Who does Opel think will be interested in its cars? Principally, it's buyers of Volkswagens.
Volkswagen has grown rapidly in Australia since 2004, when it dropped prices and began unveiling an array of high-tech, award-winning models.
Opel has similar claims to German engineering excellence.
Like VW, Opel offers lively, frugal turbo engines, terrific driving dynamics, a solid feel and high-quality interiors for prices slightly higher than Japanese cars.
The two brands also both offer an array of very high-tech options that can take a moderately priced base car to one with considerable luxury and sports assets.
VW wins over its German rival on numbers of dealerships, Australian brand recognition and, most probably, resale value.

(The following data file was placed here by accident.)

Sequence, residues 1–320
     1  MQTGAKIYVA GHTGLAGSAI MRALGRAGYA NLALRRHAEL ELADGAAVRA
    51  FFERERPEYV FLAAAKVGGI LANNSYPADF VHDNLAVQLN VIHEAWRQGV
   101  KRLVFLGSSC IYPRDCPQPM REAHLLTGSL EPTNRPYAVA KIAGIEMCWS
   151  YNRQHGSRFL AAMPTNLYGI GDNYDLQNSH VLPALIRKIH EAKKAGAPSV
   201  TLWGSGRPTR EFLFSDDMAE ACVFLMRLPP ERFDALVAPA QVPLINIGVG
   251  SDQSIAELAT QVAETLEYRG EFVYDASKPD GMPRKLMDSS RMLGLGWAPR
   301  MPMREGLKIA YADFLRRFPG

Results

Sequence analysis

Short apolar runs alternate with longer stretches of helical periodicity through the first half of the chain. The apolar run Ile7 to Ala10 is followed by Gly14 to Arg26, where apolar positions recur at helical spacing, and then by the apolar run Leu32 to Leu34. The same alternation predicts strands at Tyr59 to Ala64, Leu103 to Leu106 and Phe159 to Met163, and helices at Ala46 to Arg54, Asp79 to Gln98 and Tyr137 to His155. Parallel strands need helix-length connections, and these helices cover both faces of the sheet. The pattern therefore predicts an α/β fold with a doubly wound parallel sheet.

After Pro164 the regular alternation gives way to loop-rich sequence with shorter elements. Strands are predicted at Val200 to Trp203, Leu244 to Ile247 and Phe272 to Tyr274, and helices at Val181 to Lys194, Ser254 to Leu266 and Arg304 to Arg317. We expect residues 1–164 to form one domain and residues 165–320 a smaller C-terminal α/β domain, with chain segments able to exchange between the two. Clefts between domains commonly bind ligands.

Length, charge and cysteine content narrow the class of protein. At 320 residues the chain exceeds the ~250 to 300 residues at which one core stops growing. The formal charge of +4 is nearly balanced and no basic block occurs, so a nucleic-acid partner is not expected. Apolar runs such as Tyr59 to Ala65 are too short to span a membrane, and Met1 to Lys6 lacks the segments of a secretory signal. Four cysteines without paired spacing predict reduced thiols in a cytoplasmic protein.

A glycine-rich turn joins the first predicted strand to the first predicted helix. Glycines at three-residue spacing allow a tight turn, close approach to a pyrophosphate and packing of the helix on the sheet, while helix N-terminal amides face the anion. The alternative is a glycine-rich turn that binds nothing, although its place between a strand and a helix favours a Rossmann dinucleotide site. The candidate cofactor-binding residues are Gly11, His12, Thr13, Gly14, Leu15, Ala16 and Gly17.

However, the Opels in my view are generally sexier-looking inside and out.
Their super sporty-looking three-door models, especially the Astra GTC, would be more emotive purchases than similar-priced VWs.
Some VW buyers, especially those used to Japanese or Korean cars, gripe about servicing costs.
It's not surprising when Toyota can cap Corolla services at $130 each for the warranty period.
To alleviate shocks to customers, Opel says it will announce fixed service charges, though has not given away any hints of price levels.
Other Opel targets are buyers of Czech Skodas, French Citroens, Renaults and Peugeots, and Japanese Mazdas, Hondas and Subarus.